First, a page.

Submitted December 6, 2018
County Circuit Court 15CR48044; Maurice K. Merten, Judge.
G. Lannet, Chief Defender, Criminal Appellate Section, and
Laura E. Coffn, Deputy Public Defender, Offce of Public
Defense Services, fled the brief for appellant.
F. Rosenblum, Attorney General, Benjamin Gutman, Solicitor
General, and Matthew Maile, Assistant Attorney General, fled
the brief for respondent.
DeHoog, Presiding Judge, and Egan, Chief Judge, and Aoyagi,
Summary: After a traffic stop, defendant was convicted of
driving while suspended, ORS 811.182(4). On appeal, he
challenges the trial court's denial of his pretrial
motion to suppress evidence obtained during the stop.
Defendant asserts that the officer lacked probable cause to
stop him for a traffic violation and therefore violated
Article 1, section 9, of the Oregon Constitution. The trial
court denied the motion to suppress on the basis that the
officer had probable cause to stop defendant for failure to
maintain a lane, ORS 811.370. On appeal, the state concedes
that, because the lane in which defendant was traveling was
not clearly marked, the trial court erred in denying
defendant's motion on that basis. However, the state
argues, as an alternative basis to affirm, that the officer
had probable cause to stop defendant for careless driving,
ORS 811.135. The state also made that argument to the trial
court, but the trial court did not reach it. Held:
The state's concession is well taken; the trial court
erred in denying defendant's motion to suppress on the
basis that the officer had probable cause to stop defendant
for failure to maintain a lane. As for the alternative basis
to affirm, whether the officer had probable cause to stop
defendant for careless driving is an [301 Or.App. 135] issue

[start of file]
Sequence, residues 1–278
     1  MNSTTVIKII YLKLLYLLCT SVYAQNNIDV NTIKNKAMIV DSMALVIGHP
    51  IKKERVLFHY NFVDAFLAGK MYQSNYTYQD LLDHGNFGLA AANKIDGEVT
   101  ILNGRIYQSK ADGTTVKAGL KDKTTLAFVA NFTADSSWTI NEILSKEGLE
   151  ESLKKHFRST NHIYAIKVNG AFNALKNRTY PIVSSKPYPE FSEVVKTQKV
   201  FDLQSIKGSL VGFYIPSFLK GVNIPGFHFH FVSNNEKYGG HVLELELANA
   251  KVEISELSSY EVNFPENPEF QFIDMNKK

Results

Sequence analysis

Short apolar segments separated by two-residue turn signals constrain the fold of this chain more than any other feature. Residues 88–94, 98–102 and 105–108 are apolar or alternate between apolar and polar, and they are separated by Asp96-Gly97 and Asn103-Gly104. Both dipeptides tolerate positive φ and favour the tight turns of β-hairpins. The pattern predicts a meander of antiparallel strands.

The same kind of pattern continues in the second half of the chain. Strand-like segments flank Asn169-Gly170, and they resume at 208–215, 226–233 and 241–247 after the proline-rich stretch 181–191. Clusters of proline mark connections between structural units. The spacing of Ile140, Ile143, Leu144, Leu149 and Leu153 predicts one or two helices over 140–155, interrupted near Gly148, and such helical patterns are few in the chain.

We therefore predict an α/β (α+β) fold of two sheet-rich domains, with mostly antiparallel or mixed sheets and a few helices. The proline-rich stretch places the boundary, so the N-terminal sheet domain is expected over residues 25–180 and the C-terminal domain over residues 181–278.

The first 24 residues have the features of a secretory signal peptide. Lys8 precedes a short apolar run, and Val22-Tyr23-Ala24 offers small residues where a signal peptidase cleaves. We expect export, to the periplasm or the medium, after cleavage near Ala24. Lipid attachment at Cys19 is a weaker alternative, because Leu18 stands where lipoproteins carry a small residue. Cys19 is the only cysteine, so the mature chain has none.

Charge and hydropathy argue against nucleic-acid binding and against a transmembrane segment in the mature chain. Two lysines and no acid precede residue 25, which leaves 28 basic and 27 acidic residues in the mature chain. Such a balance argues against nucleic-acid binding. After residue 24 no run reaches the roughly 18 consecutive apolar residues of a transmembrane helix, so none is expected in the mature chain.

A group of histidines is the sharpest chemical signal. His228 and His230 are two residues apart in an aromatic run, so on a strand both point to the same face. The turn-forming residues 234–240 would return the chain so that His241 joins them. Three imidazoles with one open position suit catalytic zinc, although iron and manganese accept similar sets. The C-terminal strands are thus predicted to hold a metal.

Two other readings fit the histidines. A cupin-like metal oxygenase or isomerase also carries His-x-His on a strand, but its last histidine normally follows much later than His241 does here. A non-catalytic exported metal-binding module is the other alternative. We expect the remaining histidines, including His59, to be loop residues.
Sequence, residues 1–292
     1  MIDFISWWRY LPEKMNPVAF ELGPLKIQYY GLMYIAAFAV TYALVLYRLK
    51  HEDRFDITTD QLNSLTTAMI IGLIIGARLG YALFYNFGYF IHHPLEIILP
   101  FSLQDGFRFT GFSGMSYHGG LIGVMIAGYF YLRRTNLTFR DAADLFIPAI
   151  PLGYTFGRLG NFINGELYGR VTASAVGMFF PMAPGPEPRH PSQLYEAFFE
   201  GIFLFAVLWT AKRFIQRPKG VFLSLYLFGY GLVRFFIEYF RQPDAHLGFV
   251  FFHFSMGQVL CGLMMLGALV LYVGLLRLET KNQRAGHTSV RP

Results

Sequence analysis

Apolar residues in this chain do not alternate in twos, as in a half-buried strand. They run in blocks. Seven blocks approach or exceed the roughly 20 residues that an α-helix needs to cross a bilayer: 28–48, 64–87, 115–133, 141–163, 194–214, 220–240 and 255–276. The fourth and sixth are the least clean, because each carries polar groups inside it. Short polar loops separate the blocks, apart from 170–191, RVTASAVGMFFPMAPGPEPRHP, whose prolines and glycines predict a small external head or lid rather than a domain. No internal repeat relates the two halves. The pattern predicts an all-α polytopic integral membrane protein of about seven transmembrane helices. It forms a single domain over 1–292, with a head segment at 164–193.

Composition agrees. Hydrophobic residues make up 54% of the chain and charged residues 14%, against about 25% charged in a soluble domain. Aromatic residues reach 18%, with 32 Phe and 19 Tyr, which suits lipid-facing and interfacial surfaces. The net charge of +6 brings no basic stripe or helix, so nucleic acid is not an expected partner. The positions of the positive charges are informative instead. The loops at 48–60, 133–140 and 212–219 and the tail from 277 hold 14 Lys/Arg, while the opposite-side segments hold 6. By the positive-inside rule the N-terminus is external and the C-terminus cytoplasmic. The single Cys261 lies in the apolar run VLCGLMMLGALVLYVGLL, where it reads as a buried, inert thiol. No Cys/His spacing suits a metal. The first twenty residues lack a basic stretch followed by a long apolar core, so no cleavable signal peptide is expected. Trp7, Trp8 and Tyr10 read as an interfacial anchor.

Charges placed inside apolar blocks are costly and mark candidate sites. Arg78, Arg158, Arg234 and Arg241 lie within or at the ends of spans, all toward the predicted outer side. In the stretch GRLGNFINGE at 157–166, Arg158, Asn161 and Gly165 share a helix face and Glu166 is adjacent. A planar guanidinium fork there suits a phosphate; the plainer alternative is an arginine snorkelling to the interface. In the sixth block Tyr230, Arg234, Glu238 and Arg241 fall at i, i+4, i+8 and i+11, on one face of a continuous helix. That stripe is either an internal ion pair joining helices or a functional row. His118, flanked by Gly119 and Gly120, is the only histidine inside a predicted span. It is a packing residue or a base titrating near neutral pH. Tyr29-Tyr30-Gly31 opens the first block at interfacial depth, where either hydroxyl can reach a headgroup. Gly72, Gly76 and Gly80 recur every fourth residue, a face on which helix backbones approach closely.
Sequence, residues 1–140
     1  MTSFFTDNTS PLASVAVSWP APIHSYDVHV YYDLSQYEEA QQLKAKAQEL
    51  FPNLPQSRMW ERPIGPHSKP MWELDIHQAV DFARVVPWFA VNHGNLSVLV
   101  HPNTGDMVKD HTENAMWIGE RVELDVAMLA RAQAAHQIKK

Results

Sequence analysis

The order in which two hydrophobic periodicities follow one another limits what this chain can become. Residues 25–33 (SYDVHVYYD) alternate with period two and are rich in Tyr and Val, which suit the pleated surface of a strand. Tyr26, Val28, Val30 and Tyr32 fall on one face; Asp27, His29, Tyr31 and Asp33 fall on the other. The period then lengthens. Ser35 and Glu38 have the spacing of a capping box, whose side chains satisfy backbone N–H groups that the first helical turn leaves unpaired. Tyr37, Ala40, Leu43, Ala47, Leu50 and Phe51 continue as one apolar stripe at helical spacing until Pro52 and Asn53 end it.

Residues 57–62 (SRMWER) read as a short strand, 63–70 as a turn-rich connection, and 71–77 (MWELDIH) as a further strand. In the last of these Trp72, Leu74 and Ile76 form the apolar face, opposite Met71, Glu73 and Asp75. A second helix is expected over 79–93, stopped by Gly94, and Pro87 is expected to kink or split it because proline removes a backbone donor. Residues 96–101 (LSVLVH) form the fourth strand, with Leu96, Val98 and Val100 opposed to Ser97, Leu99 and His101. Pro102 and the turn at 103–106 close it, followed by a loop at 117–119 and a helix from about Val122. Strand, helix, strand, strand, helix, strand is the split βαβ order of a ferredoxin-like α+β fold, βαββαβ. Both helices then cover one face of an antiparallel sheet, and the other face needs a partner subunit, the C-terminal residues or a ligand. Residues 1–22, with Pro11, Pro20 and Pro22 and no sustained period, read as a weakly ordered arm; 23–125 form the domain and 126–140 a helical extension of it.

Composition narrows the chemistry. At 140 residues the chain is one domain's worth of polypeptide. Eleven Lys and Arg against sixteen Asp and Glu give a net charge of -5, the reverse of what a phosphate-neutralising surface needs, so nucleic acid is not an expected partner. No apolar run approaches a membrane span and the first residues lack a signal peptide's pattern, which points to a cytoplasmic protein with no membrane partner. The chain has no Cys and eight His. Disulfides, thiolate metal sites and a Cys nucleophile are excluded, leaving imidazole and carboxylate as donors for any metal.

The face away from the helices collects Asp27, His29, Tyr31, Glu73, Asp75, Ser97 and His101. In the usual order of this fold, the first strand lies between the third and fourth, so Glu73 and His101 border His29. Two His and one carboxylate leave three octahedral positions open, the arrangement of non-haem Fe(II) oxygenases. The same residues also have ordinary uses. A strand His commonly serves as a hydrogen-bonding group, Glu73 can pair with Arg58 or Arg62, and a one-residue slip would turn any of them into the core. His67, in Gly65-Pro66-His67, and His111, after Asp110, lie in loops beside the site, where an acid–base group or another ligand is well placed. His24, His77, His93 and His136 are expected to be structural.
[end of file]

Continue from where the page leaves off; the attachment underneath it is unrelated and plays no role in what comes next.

that was raised but not resolved in the trial court, and
factual findings are necessary to decide the legal question.
Accordingly, the appropriate disposition is to remand to the
trial court to determine the potentially dispositive
questions of fact in the first instance.
Or.App. 136] AOYAGI, J.
appeals a judgment of conviction for driving while suspended,
ORS 811.182(4). He assigns error to the trial court's
denial of his pretrial motion to suppress evidence obtained
as a result of a traffic stop. Defendant asserts that the
officer who stopped him lacked probable cause to do so and
therefore violated defendant's right to be free from
unreasonable searches and seizures under Article 1, section
9, of the Oregon Constitution. For the reasons that follow,
we vacate and remand.
reviewing the denial of a motion to suppress, we are bound by
the trial court's findings of historical fact if there is
constitutionally sufficient evidence in the record to support
them. State v. Ehly, 317 Or. 66, 75, 854 P.2d 421
(1993). That applies to both express and implied factual
findings. Ball v. Gladden, 250 Or. 485, 487, 443
P.2d 621 (1968) (if the trial court did not make findings on
all relevant historical facts, and the evidence allowed the
facts to be decided more than one way, "we will presume
that the facts were decided in a manner consistent with the
ultimate conclusion"). However, we will infer a finding
of fact "only where we can deduce that the trial
court's chain of reasoning must necessarily have included
that fact as one of its links." State v.
Lunacolorado, 238 Or.App. 691, 696, 243 P.3d 125 (2010).
We state the facts accordingly.
evening in question, defendant was driving a Subaru station
wagon northbound on Territorial Road. For reasons unclear